“I am aware of the fact that there were some decisions which I took which resulted in negative political repercussions, which had adverse effects on nation-building and national political events, and my popularity also, may I say, plummeted in that last year. I take this opportunity to sincerely apologise to the whole nation. Human beings make mistakes,” Gen (retd) Musharraf told scores of cheering supporters.
But he vowed to galvanise people and fight a “jihad against poverty, hunger, illiteracy and backwardness”.
The programme, attended by a number of politicians who were in his government, was compered by Advocate Naim Bukhari who had fired the first shot at the chief justice of the Supreme Court, a few days before Mr Musharraf launched his attack on the judiciary which marked the beginning of the end of his rule.
The retired general unveiled the new political party and its manifesto at a gentlemen’s club in Whitehall Palace. Tight security arrangements were made with all those entering the room being thoroughly checked.
Mr Musharraf attacked the “total despondency and demoralisation and hopelessness which prevails in society today” and said: “The time has come to redeem our pledge… to ensure the fruits of freedom are shared by all. The time has come for a new social contract to keep the dream of our forefathers alive… to make Pakistan into a progressive Islamic state for others in the Third World to emulate.”
He said the new party would be a ‘national salvation’ that would “galvanise all Pakistanis regardless of religion, caste or creed” and warned the country’s current government was failing to “show any signs of light in the darkness that prevails in Pakistan”.
He said under his government there would be progress in every field. “I have confidence I can lead Pakistan towards light.”
He said: “New social system will consist of three documents. Whatever we will do first of all it will be in conformity with Quran and Sunnah. Second will be realisation of dream of Quaid-i-Azam and third will be Objectives Resolution.”
Mr Musharraf said he would contest the next elections in 2013, although he announced he would return to Pakistan before then.
Answering a question, he said: “Whatever the dangers, whatever the pitfalls, I will be in Pakistan before the next election.”
The 67-year-old acknowledged threats from militants, but brushed off the threat of treason charges he could face on his return.
“Today there is no case against me in the courts of Pakistan. Whatever cases have been instituted have been done on political grounds. That I am prepared to face when I get there,” he said.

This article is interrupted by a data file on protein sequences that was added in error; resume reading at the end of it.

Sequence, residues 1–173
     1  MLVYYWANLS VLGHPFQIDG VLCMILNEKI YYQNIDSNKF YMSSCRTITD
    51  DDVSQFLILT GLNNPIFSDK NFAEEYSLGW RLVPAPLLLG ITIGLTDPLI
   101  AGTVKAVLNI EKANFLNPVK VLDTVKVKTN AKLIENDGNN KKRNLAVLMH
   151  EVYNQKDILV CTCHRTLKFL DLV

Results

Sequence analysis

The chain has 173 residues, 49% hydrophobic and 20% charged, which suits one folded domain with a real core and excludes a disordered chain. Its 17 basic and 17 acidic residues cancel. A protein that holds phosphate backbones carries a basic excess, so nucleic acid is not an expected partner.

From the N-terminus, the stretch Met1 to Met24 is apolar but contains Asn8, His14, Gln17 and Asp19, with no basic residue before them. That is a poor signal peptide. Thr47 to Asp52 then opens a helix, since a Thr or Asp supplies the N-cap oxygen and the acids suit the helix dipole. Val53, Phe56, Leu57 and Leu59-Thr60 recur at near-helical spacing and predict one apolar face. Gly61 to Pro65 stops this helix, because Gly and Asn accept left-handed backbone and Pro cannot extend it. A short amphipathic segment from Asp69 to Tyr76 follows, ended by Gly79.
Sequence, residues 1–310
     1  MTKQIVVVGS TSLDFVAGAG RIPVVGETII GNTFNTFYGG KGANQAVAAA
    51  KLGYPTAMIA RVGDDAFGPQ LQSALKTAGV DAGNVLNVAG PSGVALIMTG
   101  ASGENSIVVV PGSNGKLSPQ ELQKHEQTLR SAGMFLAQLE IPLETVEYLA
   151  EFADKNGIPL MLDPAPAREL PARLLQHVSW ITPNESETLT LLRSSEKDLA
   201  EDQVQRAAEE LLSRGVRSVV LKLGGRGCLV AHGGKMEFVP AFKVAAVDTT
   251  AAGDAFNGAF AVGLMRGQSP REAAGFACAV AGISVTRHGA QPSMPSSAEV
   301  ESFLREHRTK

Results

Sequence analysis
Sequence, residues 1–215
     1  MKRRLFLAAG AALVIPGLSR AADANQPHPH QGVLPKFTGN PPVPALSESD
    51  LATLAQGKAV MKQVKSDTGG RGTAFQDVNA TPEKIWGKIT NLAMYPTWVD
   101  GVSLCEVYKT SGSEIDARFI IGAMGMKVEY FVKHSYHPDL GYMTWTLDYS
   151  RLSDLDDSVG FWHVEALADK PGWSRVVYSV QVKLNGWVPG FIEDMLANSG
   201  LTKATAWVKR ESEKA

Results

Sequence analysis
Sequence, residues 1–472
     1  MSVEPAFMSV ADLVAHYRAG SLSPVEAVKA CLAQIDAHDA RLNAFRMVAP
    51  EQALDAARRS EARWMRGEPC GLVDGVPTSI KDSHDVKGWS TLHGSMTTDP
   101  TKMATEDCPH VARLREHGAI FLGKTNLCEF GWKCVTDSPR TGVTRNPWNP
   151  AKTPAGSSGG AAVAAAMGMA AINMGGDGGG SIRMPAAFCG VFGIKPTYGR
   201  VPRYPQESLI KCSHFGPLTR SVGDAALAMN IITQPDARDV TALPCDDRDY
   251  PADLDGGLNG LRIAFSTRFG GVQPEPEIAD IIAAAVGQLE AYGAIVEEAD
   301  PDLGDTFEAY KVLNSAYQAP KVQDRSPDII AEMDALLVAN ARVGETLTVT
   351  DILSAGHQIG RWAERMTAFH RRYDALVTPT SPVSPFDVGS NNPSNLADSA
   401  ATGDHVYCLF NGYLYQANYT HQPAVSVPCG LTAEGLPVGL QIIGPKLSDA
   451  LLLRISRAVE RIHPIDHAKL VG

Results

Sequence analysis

Mr Musharraf made the announcement against a backdrop comprising the white and green colours of Pakistan’s flag and his APML’s logo, the crescent and star of the national flag and a hawk’s head.
He cited Iqbal’s verses to explain the significance of the symbol of hawk (Shaheen) that he has selected for his party.
He declared that he had the experience to tackle the challenges of Al Qaeda, the Taliban, and the spread of extremism in Pakistan. He insisted that unless Pakistan was part of the fight against terrorism and extremism, “that fight will not succeed.”
He said he would not do anything different this time around, saying his regime made strides to stamp out terror threats and that a crucial part of his strategy would be improving the economy.
“There will be zero tolerance for extremism,” he said. He said he was launching the party in London because he risked assassination if he returned to Pakistan. He will spread his message at a rally in Birmingham on Saturday.
His speech and comments later made at a press conference were greeted by criticism from leaders of mainstream political parties who appeared on Pakistan TV channels and declared that the ‘ousted dictator’ had no future in politics.
In a BBC interview on Friday, Mr Musharraf said the militants could be defeated, but warned West’s plans to withdraw troops from Afghanistan would be counter-productive as it would “boost” home-grown extremism that was inspired by the Taliban.
“I think they can be defeated, but if I have any doubts on whether we can win, I would say it’s been a failure of leadership in the United States and Europe… and a failure of leadership in Pakistan,” he told BBC.
“Nobody is telling the people who are demanding their soldiers to come back that this will be their worst decision, it will be a blunder. People here or in the United States think you are fighting somebody else’s war.”
Criticising the Pakistani government, he said: “When there is a dysfunctional government and the nation is going down, its economy is going down, there is a clamour, there is a pressure on the military by the people.”
It is unclear how much support Mr Musharraf still has within the military. Many of his close allies in the army and in the intelligence services have since retired.
“He doesn’t have the same kind of clout he did,” Wajid Shamsul Hasan, Pakistan’s High Commissioner to Britain said. “He’s yesterday’s man.”–Agencies